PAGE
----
Will Christie take on cap and trade?

September 28, 2010 06:26

“The American people are opposed to these costly environmental regulations but they are still growing right under our feet at the state level with these regional initiatives. It’s shocking how few people realize New Jersey already has the program.”

By at American spectator


An anti-regulatory earthquake is stirring in New Jersey that could potentially free other states and regions from economically unsound energy restrictions and renewable mandates that have further burdened America’s already beleaguered consumers with higher costs.

If successful, this one-two punch could reverberate in other parts of the country that have succumbed to higher energy prices.

“The opposition that is building up against ‘cap and trade’ in our state could have national implications since the program here was crafted as a model for what President Obama had in mind for the whole country,” Steve Lonegan, a former mayor of Bogota, who heads up AFP’s N.J. chapter, said in an interview.

A crucial player in this area has been the Center for Climate Strategies (CCS), an unheralded but politically potent outfit that has worked successfully to bypass state legislatures and formulate regulatory policy with compliant governors in both parties. Chris Horner, a senior fellow with The Competitive Enterprise Institute (CEI), has documented the organization’s activities and methodology in a very detailed report for the Capital Research Center (CRC) that is worth reviewing in light of recent developments.

“The activists’ new state-based strategy avoids open political debate,” Horner explained in his report. “Instead, it depends on having the full range of left-wing pressure groups — feminists, abortion and animal rights activists, labor organizers and other leftist factions — make ‘global warming’ part of their message and mission. CCS is among those activist groups.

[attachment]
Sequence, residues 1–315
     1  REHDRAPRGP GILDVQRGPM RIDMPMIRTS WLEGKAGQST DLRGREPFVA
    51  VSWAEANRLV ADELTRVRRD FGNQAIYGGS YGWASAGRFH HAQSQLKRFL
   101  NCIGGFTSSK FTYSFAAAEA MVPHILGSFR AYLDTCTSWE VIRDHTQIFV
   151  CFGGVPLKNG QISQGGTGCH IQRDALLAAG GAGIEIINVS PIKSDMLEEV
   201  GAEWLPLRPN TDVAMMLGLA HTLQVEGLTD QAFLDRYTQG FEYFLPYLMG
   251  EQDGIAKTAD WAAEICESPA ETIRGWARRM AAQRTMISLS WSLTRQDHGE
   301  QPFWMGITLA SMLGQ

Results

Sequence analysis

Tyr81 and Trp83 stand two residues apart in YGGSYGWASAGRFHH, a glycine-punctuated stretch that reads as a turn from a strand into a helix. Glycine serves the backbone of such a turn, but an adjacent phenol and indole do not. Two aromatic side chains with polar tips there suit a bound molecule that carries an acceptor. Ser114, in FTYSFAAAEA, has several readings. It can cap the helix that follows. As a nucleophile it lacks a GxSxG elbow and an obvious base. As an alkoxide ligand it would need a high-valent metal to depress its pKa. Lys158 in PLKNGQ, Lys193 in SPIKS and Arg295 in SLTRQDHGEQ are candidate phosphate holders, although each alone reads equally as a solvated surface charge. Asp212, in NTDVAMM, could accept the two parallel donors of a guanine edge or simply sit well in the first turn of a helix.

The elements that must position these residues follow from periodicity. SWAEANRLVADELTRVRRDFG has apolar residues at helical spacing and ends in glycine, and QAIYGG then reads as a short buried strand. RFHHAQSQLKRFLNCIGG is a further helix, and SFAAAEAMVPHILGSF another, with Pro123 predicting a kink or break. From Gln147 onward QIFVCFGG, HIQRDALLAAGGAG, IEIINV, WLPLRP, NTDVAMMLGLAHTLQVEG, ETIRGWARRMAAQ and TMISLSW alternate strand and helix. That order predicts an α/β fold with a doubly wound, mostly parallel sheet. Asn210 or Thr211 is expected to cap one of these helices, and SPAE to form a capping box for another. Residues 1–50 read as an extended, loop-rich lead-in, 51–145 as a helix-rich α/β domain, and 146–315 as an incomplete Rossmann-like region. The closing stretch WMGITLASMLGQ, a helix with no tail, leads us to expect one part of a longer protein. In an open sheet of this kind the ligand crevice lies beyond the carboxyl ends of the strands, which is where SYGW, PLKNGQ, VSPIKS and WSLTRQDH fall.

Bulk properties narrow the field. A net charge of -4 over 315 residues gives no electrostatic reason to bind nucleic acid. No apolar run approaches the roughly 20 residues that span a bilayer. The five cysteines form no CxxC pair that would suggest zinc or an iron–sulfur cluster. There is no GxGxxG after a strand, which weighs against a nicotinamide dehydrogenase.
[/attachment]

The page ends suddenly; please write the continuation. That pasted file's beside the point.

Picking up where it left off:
The electronic correspondence between researchers suggests that they were willing to falsify and manipulate data to the point where warming trends were either exaggerated or manufactured for political purposes. An investigation into the United Nations Intergovernmental Panel on Climate Change (IPCC) has also raised questions about that organization’s methodology and practices. Meanwhile, over 31,000 American scientists have signed a petition that rejects the Kyoto Treaty and declares that there is no “convincing scientific evidence” that human activity has translated into dangerous levels of global warming.

By contrast, states that have renewable mandates and other burdensome anti-energy restrictions have electricity costs that are almost 40 percent higher than states that do not, according to the study.

New Jersey is part of the oldest, most restrictive and most entrenched regional greenhouse gas initiative nationwide. Most notably, the Northeastern and Mid-Atlantic states that are part of this equation have also agreed to set the only binding emissions limits in the country.


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